- Vitamins are essential micronutrients required for normal metabolism, growth, and development.
- Vitamin supplementation in food products, adequate food security, and availability of supplements make vitamin deficiencies less common in developed countries. Certain populations are at increased risk.
- Toxicity is rare for water-soluble vitamins, whereas possible with fat-soluble vitamins (A, D, E, K).
- Higher incidence seen in geriatric patients, pregnant women, exclusively breastfed infants, individuals with highly restricted diets or certain chronic disease states
- Increased risk among individuals from Africa and Southeast Asia
- True incidence is unknown because most vitamin deficiencies are asymptomatic.
- Varies by age groups, comorbid conditions, geography, and setting (i.e., urban, rural)
- The prevalence of vitamin B12 deficiency is ~6% in patients <60 years old and increases to ~20% after age 60 (1).
- Vitamin D deficiency prevalence is increased in individuals with darker skin pigmentation, obesity, low dietary intake of vitamin D, or low sunlight exposure. This deficiency is seen in ~5% of the general population, with non-Hispanic blacks having the highest prevalence.
Etiology and Pathophysiology
- Deficiency usually develops from one of five mechanisms: reduced intake, diminished absorption, increased use, increased demand, or increased excretion
- Chronic disease states: HIV, malabsorption (i.e., celiac sprue, short bowel syndrome), chronic liver and kidney disease, alcoholism, malignancies, pernicious anemia, inborn errors of metabolism
- Bariatric surgeries: gastric bypass, gastrectomy, small or large bowel resection
- Related to certain drugs: prednisone, phenytoin, isoniazid, protease inhibitors, methotrexate, phenobarbital, alcohol, nitrous oxide, H2 receptor antagonists, metformin, colchicine, cholestyramine, 5-fluorouracil, 6-mercaptopurine, azathioprine, chloramphenicol, proton pump inhibitors, chronically used antibiotics, penicillamine, hydralazine
- Malnutrition, imbalanced nutrition, obesity, fad diets, extreme vegetarianism, total parenteral nutrition, bulimia/anorexia, other eating disorders, parasitic infection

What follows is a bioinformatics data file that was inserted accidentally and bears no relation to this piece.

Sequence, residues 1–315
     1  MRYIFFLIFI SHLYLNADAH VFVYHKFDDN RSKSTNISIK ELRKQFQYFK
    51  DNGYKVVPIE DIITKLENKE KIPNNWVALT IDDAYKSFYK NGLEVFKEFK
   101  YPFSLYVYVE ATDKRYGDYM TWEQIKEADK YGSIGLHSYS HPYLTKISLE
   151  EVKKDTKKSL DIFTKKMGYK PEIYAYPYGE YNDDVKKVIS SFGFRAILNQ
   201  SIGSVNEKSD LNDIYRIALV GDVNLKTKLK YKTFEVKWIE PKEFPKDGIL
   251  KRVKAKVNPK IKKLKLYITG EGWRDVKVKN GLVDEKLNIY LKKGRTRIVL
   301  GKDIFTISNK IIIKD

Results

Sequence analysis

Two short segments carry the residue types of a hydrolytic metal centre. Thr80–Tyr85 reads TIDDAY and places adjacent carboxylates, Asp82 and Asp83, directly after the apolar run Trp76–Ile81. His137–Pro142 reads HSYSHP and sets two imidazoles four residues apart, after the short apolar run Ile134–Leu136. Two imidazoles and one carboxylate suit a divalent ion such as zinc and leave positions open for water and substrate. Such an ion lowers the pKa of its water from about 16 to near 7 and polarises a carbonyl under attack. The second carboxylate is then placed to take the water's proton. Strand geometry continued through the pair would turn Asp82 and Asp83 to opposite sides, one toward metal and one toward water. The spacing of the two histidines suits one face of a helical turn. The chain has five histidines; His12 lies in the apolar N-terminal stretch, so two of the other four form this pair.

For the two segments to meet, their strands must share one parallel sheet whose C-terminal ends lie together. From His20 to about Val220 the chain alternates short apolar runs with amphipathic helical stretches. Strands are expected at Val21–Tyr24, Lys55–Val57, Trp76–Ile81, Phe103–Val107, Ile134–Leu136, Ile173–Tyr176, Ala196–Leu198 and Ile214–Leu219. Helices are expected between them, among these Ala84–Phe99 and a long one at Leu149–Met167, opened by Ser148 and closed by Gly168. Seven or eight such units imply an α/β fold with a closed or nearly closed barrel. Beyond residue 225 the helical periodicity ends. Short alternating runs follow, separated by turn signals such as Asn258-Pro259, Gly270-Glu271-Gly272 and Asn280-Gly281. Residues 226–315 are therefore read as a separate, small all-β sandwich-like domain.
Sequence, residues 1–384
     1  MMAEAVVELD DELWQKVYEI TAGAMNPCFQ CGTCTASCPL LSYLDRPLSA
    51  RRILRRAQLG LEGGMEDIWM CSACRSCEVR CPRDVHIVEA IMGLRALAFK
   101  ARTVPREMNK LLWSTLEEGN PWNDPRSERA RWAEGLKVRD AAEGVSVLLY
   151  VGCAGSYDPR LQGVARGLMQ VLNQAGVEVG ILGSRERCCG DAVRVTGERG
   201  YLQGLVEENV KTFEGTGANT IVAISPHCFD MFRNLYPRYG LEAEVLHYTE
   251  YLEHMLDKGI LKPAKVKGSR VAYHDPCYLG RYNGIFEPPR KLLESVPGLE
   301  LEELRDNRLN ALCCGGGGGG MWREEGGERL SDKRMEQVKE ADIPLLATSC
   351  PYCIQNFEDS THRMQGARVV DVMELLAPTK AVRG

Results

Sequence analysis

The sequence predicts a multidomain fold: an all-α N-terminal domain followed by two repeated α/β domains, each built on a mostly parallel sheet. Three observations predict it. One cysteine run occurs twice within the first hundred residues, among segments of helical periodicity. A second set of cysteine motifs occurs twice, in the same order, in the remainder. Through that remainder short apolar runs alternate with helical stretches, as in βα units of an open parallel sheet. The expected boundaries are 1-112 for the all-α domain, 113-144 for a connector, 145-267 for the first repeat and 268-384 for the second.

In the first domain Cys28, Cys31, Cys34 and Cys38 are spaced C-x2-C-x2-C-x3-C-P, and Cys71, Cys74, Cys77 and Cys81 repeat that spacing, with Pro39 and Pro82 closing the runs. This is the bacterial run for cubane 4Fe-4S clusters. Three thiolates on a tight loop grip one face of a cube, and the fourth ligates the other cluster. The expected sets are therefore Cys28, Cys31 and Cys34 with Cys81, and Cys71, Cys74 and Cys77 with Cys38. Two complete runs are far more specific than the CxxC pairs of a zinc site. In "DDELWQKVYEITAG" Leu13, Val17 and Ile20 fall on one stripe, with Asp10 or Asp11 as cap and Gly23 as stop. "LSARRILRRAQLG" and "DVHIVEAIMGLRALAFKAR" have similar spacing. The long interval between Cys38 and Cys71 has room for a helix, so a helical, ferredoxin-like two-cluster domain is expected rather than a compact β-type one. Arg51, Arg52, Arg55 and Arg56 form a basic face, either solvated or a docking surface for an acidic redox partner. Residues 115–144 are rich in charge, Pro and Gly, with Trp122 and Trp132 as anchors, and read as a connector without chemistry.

- Cystic fibrosis
- Hartnup disease, A-β-lipoproteinemia
- Rare genetic predisposition
- Autoimmune disease (i.e., pernicious anemia)
- Congenital enzyme deficiencies (i.e., biotinidase or holocarboxylase synthetase deficiency)
- Transcobalamin II deficiency
- Ataxia with vitamin E deficiency (AVED)
Poverty, malnutrition, chronic excessive alcohol intake, chronic disease states, advanced age, dietary restrictions, bariatric surgery, certain medications, and exclusively breastfed infants
- Ingesting large and varied amounts of vitamin supplements increases risk of toxicity and drug–drug interactions and is not recommended.
- Antioxidant supplements have not been shown to impact cancer incidence; increased mortality risk seen in some studies (2)
- Avoid restrictive diets.
- USPSTF recommends against low-dose supplementation with vitamin D (<400 IU) and calcium (<1,000 mg) to reduce fracture risk in community-dwelling postmenopausal women (3).
- USPSTF concludes insufficient evidence of benefits and harms of daily supplementation with doses >400 IU of vitamin D and >1,000 mg of calcium for primary prevention of fractures in community-dwelling, postmenopausal women (3).
- USPSTF also concludes that current evidence is insufficient to assess the balance of the benefits and harms of vitamin D and calcium supplementation, for primary prevention of fractures in men and premenopausal women (3).
- USPSTF recommends against using β-carotene or vitamin E supplements for the prevention of cardiovascular disease or cancer (2).
- All infants should receive 400 IU/day of vitamin D soon after birth if exclusively or partially breastfed (5).
Commonly Associated Conditions
Anemia, neuropathies, dermatitis, visual disturbances
There's more to see -- the rest of this topic is available only to subscribers.
Domino, Frank J., et al., editors. "Vitamin Deficiency." 5-Minute Clinical Consult, 27th ed., Wolters Kluwer, 2020. Medicine Central, im.unboundmedicine.com/medicine/view/5-Minute-Clinical-Consult/116645/all/Vitamin_Deficiency.
Vitamin Deficiency. In: Domino FJF, Baldor RAR, Golding JJ, et al, eds. 5-Minute Clinical Consult. Wolters Kluwer; 2020. https://im.unboundmedicine.com/medicine/view/5-Minute-Clinical-Consult/116645/all/Vitamin_Deficiency. Accessed June 4, 2023.
Vitamin Deficiency. (2020). In Domino, F. J., Baldor, R. A., Golding, J., & Stephens, M. B. (Eds.), 5-Minute Clinical Consult (27th ed.). Wolters Kluwer. https://im.unboundmedicine.com/medicine/view/5-Minute-Clinical-Consult/116645/all/Vitamin_Deficiency
Vitamin Deficiency [Internet]. In: Domino FJF, Baldor RAR, Golding JJ, Stephens MBM, editors. 5-Minute Clinical Consult. Wolters Kluwer; 2020. [cited 2023 June 04]. Available from: https://im.unboundmedicine.com/medicine/view/5-Minute-Clinical-Consult/116645/all/Vitamin_Deficiency.
* Article titles in AMA citation format should be in sentence-case
TY - ELEC T1 - Vitamin Deficiency ID - 116645 ED - Domino,Frank J, ED - Baldor,Robert A, ED - Golding,Jeremy, ED - Stephens,Mark B, BT - 5-Minute Clinical Consult, Updating UR - https://im.unboundmedicine.com/medicine/view/5-Minute-Clinical-Consult/116645/all/Vitamin_Deficiency PB - Wolters Kluwer ET - 27 DB - Medicine Central DP - Unbound Medicine ER -